Many simulation studies comparing various methods of cluster analysis have been performed. In these studies, artificial data sets containing known clusters are produced using pseudo-random-number generators. The data sets are analyzed by a variety of clustering methods, and the degree to which each clustering method recovers the known cluster structure is evaluated. Refer to Milligan (1981) for a review of such studies. In most of these studies, the clustering method with the best overall performance has been either average linkage or Ward's minimum variance method. The method with the poorest overall performance has almost invariably been single linkage. However, in many respects, the results of simulation studies are inconsistent and confusing.
When you attempt to evaluate clustering methods, it is essential to realize that most methods are biased toward finding clusters possessing certain characteristics related to size (number of members ), shape, or dispersion. Methods based on the least-squares criterion (Sarle 1982), such as k -means and Ward's minimum variance method, tend to find clusters with roughly the same number of observations in each cluster. Average linkage is somewhat biased toward finding clusters of equal variance. Many clustering methods tend to produce compact, roughly hyperspherical clusters and are incapable of detecting clusters with highly elongated or irregular shapes . The methods with the least bias are those based on nonparametric density estimation such as single linkage and density linkage.
Most simulation studies have generated compact (often multivariate normal) clusters of roughly equal size or dispersion. Such studies naturally favor average linkage and Ward's method over most other hierarchical methods, especially single linkage. It would be easy, however, to design a study using elongated or irregular clusters in which single linkage would perform much better than average linkage or Ward's method (see some of the following examples). Even studies that compare clustering methods using 'realistic' data may unfairly favor particular methods. For example, in all the data sets used by Mezzich and Solomon (1980), the clusters established by field experts are of equal size. When interpreting simulation or other comparative studies, you must, therefore, decide whether the artificially generated clusters in the study resemble the clusters you suspect may exist in your data in terms of size, shape, and dispersion. If, like many people doing exploratory cluster analysis, you have no idea what kinds of clusters to expect, you should include at least one of the relatively unbiased methods, such as density linkage, in your analysis.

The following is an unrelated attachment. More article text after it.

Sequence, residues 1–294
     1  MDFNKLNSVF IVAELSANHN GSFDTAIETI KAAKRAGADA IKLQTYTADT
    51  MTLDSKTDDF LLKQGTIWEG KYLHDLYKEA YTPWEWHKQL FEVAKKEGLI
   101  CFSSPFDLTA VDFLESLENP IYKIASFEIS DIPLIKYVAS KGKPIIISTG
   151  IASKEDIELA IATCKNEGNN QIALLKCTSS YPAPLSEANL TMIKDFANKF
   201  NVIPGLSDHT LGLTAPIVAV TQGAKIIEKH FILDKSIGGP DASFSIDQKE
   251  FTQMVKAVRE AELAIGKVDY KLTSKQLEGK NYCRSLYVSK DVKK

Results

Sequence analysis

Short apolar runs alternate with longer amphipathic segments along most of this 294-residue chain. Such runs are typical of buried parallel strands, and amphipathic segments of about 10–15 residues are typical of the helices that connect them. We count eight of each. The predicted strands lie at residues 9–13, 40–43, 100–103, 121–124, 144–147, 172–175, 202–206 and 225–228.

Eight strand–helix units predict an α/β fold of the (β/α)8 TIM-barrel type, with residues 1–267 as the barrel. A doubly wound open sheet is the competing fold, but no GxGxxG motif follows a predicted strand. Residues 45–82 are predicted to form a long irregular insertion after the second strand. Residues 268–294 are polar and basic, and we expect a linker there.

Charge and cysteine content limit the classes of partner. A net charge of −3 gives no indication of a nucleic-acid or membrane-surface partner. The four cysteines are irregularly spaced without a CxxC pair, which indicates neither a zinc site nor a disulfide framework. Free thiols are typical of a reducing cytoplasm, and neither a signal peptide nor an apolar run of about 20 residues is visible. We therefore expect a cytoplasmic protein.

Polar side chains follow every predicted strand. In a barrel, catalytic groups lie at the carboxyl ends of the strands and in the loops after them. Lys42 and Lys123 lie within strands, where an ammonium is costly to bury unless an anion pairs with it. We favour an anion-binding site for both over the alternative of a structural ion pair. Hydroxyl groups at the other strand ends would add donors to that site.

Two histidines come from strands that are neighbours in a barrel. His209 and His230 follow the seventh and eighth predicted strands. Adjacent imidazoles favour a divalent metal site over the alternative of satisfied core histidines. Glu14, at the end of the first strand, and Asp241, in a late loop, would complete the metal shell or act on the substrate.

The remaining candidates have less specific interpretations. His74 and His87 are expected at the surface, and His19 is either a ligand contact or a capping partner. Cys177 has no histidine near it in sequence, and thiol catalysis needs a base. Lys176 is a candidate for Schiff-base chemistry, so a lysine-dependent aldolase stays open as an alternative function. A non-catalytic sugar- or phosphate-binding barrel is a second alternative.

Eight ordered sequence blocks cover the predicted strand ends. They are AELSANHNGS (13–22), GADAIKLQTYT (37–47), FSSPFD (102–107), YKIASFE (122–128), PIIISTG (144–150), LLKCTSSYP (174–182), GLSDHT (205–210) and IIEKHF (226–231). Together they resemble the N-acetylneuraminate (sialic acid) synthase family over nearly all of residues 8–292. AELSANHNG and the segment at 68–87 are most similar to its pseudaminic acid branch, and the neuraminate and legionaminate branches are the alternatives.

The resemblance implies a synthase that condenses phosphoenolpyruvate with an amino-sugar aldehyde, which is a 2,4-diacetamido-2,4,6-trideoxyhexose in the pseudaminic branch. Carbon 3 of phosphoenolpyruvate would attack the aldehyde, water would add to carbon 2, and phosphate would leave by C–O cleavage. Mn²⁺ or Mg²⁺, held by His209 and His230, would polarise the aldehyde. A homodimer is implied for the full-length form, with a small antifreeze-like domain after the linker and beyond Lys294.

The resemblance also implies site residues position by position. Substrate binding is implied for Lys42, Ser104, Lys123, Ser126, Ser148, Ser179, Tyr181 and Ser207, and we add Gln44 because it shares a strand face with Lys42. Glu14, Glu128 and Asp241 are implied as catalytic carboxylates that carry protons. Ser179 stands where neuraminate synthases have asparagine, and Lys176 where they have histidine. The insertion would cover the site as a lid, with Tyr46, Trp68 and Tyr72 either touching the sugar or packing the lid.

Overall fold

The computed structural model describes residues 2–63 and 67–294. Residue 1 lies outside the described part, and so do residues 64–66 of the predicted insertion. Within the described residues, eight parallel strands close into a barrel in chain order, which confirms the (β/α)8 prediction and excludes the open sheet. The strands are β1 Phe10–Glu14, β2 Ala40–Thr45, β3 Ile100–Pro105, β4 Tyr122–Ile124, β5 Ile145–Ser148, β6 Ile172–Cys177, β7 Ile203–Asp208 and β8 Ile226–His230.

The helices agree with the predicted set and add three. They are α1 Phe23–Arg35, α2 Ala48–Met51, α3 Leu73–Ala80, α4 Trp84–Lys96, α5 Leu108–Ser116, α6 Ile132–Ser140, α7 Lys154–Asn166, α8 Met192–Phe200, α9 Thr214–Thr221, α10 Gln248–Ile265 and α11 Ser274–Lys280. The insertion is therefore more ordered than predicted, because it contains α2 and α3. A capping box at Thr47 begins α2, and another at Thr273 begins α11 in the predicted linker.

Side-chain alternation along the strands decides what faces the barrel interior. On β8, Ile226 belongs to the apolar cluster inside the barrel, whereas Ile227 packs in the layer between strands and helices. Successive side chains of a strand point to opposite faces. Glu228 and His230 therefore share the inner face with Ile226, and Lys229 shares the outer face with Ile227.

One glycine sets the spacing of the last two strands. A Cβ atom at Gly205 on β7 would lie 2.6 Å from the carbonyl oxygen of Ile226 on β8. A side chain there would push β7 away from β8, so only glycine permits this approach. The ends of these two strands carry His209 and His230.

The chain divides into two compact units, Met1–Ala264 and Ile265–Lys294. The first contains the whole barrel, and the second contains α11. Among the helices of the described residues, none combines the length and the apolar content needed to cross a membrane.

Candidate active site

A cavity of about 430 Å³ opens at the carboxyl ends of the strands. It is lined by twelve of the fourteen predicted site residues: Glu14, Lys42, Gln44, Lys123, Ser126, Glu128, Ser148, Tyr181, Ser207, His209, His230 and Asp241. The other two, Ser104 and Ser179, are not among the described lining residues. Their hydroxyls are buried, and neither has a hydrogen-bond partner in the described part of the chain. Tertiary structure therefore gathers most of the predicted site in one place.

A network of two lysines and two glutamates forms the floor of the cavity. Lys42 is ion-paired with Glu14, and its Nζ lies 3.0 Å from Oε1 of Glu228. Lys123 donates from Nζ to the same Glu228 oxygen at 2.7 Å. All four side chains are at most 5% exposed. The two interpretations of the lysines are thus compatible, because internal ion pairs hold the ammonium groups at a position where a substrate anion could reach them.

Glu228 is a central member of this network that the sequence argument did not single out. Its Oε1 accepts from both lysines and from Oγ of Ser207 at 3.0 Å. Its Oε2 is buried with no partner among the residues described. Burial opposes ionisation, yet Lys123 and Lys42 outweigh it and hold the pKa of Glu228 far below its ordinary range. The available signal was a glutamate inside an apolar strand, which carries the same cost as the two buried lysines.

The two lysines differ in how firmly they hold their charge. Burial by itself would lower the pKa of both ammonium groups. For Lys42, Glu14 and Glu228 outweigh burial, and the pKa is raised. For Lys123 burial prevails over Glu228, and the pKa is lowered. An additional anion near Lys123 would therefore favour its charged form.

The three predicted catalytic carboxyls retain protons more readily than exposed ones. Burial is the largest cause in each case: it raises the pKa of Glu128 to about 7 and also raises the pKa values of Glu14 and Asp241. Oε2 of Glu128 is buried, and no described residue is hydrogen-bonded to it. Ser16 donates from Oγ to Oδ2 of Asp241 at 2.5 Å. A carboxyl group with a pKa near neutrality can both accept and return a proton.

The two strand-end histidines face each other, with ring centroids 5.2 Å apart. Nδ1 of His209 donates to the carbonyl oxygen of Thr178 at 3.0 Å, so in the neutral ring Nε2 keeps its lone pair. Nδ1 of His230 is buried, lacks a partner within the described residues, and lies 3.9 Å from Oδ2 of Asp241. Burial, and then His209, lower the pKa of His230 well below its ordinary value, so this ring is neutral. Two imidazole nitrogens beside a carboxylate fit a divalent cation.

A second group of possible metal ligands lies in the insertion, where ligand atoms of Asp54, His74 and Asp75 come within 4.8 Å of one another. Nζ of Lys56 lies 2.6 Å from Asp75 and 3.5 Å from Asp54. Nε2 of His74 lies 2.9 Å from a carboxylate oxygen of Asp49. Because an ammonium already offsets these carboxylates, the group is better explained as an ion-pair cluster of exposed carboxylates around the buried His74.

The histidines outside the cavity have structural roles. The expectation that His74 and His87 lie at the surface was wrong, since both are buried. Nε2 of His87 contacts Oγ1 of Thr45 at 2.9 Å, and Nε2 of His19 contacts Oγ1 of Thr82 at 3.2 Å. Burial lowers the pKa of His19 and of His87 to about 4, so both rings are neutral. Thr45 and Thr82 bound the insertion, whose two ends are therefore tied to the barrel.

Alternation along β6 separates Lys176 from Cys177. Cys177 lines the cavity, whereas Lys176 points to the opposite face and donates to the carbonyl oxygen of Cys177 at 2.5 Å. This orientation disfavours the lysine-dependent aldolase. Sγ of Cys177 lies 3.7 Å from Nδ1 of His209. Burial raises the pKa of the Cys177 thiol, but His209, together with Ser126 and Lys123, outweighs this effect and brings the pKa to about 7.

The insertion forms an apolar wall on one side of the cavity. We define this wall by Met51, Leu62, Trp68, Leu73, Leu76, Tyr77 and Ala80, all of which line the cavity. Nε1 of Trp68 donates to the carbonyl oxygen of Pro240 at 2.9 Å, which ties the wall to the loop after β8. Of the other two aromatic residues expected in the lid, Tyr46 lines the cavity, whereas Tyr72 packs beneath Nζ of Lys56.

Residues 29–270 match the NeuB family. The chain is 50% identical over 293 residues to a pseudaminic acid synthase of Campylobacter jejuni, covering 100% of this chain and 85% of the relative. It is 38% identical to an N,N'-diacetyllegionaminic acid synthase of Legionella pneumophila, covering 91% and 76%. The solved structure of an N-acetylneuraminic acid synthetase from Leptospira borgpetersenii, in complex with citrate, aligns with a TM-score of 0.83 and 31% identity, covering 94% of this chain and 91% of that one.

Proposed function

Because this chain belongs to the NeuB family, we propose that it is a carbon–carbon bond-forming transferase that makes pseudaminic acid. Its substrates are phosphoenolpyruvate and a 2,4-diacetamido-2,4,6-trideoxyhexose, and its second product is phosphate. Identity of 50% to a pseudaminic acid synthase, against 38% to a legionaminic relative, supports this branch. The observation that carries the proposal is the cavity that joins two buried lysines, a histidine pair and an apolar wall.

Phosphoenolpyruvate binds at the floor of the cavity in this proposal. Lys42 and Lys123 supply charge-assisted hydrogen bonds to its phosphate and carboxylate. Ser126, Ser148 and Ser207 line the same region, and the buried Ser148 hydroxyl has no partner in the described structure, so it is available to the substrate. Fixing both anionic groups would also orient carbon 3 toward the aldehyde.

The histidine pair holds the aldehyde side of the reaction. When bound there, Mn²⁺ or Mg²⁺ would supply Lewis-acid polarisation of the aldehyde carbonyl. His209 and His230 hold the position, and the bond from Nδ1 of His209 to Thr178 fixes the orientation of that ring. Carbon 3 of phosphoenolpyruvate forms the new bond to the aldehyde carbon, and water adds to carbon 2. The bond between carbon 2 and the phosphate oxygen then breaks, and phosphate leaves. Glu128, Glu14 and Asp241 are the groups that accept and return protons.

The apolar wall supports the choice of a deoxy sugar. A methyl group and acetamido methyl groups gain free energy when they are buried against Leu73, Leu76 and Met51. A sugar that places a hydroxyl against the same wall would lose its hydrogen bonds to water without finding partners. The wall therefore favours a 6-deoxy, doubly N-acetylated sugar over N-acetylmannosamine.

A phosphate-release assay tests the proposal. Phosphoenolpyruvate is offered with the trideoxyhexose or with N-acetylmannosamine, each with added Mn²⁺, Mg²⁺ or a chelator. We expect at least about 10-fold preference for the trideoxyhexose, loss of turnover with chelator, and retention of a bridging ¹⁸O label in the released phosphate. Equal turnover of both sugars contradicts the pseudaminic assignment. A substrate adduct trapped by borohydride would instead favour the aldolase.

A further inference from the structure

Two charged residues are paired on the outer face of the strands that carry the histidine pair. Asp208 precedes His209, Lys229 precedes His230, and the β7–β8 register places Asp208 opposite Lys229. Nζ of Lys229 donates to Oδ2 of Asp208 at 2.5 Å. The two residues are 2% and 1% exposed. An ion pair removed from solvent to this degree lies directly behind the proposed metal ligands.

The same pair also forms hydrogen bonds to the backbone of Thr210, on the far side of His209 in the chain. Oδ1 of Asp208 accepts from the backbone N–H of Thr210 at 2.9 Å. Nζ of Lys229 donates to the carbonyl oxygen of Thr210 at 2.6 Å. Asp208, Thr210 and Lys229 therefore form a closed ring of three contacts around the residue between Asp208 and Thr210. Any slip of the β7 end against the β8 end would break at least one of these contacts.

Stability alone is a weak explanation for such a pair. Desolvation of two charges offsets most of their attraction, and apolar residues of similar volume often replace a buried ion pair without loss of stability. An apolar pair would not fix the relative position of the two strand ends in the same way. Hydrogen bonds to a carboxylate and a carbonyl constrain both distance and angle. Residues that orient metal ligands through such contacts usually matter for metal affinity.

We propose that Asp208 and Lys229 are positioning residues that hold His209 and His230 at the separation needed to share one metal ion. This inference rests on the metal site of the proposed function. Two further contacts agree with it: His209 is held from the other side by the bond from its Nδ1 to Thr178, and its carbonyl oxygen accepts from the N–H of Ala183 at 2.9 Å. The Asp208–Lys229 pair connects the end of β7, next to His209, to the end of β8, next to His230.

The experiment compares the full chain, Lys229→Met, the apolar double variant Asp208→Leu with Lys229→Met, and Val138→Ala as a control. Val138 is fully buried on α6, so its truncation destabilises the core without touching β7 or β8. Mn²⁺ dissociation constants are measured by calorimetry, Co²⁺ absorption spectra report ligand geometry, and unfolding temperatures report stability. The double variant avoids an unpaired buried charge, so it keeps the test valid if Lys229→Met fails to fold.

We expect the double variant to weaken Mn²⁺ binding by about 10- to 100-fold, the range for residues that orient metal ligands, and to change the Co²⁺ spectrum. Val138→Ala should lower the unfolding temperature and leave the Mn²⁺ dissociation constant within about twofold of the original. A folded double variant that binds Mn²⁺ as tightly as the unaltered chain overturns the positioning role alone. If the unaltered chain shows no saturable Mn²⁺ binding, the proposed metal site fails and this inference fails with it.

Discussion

The rest of this section consists of a series of examples that illustrate the performance of various clustering methods under various conditions. The first, and simplest example, shows a case of well-separated clusters. The other examples show cases of poorly separated clusters, clusters of unequal size, parallel elongated clusters, and nonconvex clusters.
If the population clusters are sufficiently well separated, almost any clustering method performs well, as demonstrated in the following example using single linkage. In this and subsequent examples, the output from the clustering procedures is not shown, but cluster membership is displayed in scatter plots. The following SAS statements produce Figure 7.1:
data compact; keep x y; n=50; scale=1; mx=0; my=0; link generate; mx=8; my=0; link generate; mx=4; my=8; link generate; stop; generate: do i=1 to n; x=rannor(1)*scale+mx; y=rannor(1)*scale+my; output; end; return; run; proc cluster data=compact outtree=tree method=single noprint; run; proc tree noprint out=out n=3; copy x y; run; legend1 frame cframe=ligr cborder=black position=center value=(justify=center); axis1 minor=none label=(angle=90 rotate=0); axis2 minor=none; proc gplot; plot y*x=cluster/frame cframe=ligr vaxis=axis1 haxis=axis2 legend=legend1; title 'Single Linkage Cluster Analysis'; title2 'of Data Containing Well-Separated, Compact Clusters'; run;